Developmentally Based

Montessori Planes of Development

Dr. Montessori outlined four consecutive planes, or stages, of development from birth to maturity, each plane spanning approximately six-years. At each plane of development, children and young people display intellectual powers, social orientations and creative potential unique to that stage. Each plane is characterized by the way children  in  that  plane  learn,  building  on  the  achievements  of  the  plane  before  and  preparing  for  the  one  to follow.  The timing and nature of the transition between planes vary from individual to individual.

1st Plane of Development

Period from birth to (approximately) age six. During this stage children are sensory explorers, learning to become functionally independent in their immediate environment and community. Children at this stage construct their own intellect by absorbing every aspect of their environment, language, and culture.

2nd Plane of Development

Period from (approximately) six to twelve years. The developmental focus of this period is intellectual independence, hand-in-hand with the development of ethics and social responsibility. During this stage children become conceptual explorers. They use reasoning, abstract thought, and imagination to explore and develop their understanding of the world.

3rd Plane of Development

From age twelve to eighteen young people become humanistic explorers seeking to understand their place in society and to contribute to society. They have a huge capacity for creative expression. Their style of learning becomes more practical and experiential which they use to explore previously introduced concepts in more depth and in real-life contexts.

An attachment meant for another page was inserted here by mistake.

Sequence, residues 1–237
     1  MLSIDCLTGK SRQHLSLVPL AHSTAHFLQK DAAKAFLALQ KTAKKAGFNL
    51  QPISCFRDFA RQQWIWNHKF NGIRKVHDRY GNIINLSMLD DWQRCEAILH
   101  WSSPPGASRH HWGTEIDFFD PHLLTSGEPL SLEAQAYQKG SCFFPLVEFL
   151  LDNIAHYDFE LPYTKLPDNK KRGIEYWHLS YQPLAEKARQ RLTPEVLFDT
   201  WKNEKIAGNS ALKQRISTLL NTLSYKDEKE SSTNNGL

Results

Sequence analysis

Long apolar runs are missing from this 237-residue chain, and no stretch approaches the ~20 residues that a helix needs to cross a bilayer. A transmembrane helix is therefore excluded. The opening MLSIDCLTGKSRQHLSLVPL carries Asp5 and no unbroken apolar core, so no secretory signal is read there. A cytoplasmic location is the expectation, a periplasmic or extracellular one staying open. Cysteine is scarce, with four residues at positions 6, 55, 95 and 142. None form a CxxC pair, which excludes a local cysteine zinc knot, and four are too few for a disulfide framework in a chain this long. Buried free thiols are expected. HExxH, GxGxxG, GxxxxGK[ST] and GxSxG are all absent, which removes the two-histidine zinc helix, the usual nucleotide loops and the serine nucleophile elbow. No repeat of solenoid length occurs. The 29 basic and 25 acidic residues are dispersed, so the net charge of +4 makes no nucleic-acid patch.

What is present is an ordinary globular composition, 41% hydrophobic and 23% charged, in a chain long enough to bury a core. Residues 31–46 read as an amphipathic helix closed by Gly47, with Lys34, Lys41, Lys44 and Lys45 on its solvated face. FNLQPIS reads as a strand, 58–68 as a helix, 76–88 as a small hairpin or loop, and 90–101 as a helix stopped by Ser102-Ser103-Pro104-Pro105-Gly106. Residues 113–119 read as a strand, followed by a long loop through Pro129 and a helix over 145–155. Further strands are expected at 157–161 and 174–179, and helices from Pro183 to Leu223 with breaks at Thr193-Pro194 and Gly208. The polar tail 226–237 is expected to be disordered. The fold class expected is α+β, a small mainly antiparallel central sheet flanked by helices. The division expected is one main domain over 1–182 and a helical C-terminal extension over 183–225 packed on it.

4th Plane of Development

From eighteen to twenty-four young adults develop specialist knowledge and skills, preparing them to take their place in the world and to establish social and economic independence.

For each plane of development there is a specific Montessori learning environment.

Montessori environments for each plane maintain distinctive Montessori characteristics, including freedom of choice and movement, and an emphasis on independent exploration and self-directed learning.  At the same time, the design of each environment is customised to the specific needs, interests, and potential of each developmental stage.  Within each plane of development, there are periods during which children and young people display intense interest  in  a  particular  activity  or  aspect  of  the  environment.  These periods were called sensitive periods for learning, especially in the context of early childhood. The sensitive period for language, for example, is active during the first plane of development from birth to six years. This sensitive period provides a window of opportunity that enables children to learn language with ease and enjoyment. If, for any reason, a child  does  not  learn  to  speak  during  this  time,  the  sensitive  period  disappears  and  the  learning  of  language requires  much  greater  effort.  The  particular  learning  sensitivities  and  needs  of  children  at  each  stage  of  development  are  reflected  in  the  design  of  the  Montessori  environment  and  in  the  resources  and  activities prepared for that stage of development. 

Photo Credit: Forest Bluff School